Oxford Having breakfast at the University of Memphis before leaving for Oxford, Mississippi, home of the University of Mississippi, we were in a good mood after the Hooks Institute event the previous evening. We laughed at the number of people in the audience that evening who had raised their eyebrows when we had told them we were headed there after they had inquired on whether or not we might be available in Memphis the following day. Reputations obviously die hard.
Walking around the well-known town square in Oxford later that afternoon, we could understand the point some of our new friends had made somewhat better. A statue of a Confederate infantry soldier towered over the square in front of the courthouse dwarfing the signature store of the famous Square Books, whose locations dot many points of the compass there. William Faulkner dominates a floor of that bookstore. Continue walking and a bronzed statute of him sitting on a bench with a pipe looks at the courthouse as well. The famous saying that the past is never past is not his, but it seemed appropriate in a town dominated by a publicly funded state university still proud to call themselves the rebels.
We were there at the invitation of former ACORN organizer from the 1970’s and now Professor of Social Work there, Steve Soifer. Steve had been corresponding with me about showing the documentary, “The Organizer,” and talking about organizing whenever I might be close by, and I had mentioned we were going to be in Memphis not far away. He had arranged for several of his undergraduate classes to screen the documentary in two-parts, one in the morning session and another in the early afternoon, and we made it there in time for the Q&A. The students were surprised somewhat that I had been as young as they were now when I started ACORN. Others hailing from the Gulf Coast area were curious about the Katrina recovery area. They were most animated when Steve asked them to describe their class projects to me. The most intense conversation erupted when the question arose about diversity of the Ole Miss campus itself. The student body is now 13.5% African-American, while the state is closer to 38% African-American. It was hard to escape the point one student was making: it was better, but nowhere near good enough.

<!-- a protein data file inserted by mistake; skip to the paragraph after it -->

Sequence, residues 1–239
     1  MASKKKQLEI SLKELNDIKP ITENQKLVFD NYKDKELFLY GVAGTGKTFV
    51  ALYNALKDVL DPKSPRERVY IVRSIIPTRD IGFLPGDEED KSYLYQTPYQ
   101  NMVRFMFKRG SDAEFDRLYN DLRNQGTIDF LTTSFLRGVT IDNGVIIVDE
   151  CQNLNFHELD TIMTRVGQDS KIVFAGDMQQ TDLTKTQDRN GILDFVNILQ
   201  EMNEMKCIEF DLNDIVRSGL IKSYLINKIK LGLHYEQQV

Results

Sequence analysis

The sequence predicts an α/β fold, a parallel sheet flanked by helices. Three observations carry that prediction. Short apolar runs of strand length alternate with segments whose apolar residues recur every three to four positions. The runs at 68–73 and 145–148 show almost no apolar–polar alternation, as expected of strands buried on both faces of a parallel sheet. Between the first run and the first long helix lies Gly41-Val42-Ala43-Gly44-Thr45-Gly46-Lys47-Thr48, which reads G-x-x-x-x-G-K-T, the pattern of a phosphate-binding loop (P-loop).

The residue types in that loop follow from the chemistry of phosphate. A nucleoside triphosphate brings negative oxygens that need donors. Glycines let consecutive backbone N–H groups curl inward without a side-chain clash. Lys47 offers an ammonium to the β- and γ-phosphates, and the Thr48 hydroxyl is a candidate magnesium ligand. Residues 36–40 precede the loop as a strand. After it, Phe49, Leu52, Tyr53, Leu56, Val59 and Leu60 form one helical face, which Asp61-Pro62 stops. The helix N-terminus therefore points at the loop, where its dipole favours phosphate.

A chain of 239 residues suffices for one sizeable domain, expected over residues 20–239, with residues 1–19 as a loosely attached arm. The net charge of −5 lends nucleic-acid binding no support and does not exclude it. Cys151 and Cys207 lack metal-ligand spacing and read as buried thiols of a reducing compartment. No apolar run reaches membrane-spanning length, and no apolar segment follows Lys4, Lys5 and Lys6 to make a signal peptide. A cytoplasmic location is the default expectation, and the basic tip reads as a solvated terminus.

In the evening the screening attracted people from the community as well as a bunch of graduate students and some undergrads from other disciplines. This group was hungrier in its efforts to sort out ways to make a difference in these difficult times. They didn’t want answers as much as they wanted me to suggest directions they might go. I spent a long time talking to one activist student on the verge of graduating who seemed to have caught a bit of the organizing bug, and might hideaway in graduate school, but I could tell might as easily jump into organizing, making the journey to Oxford just about worth my while, if there had been no other benefit to be gained from the visit.
As the questions ended, I asked one older gentleman I had met before the screening if he didn’t have any final question. He commented that he knew as you got older you were supposed to become more conservative, but in these times, he didn’t find that, he said was getting more radical. I said, “Amen to that!”, and added, “…and more impatient, too!”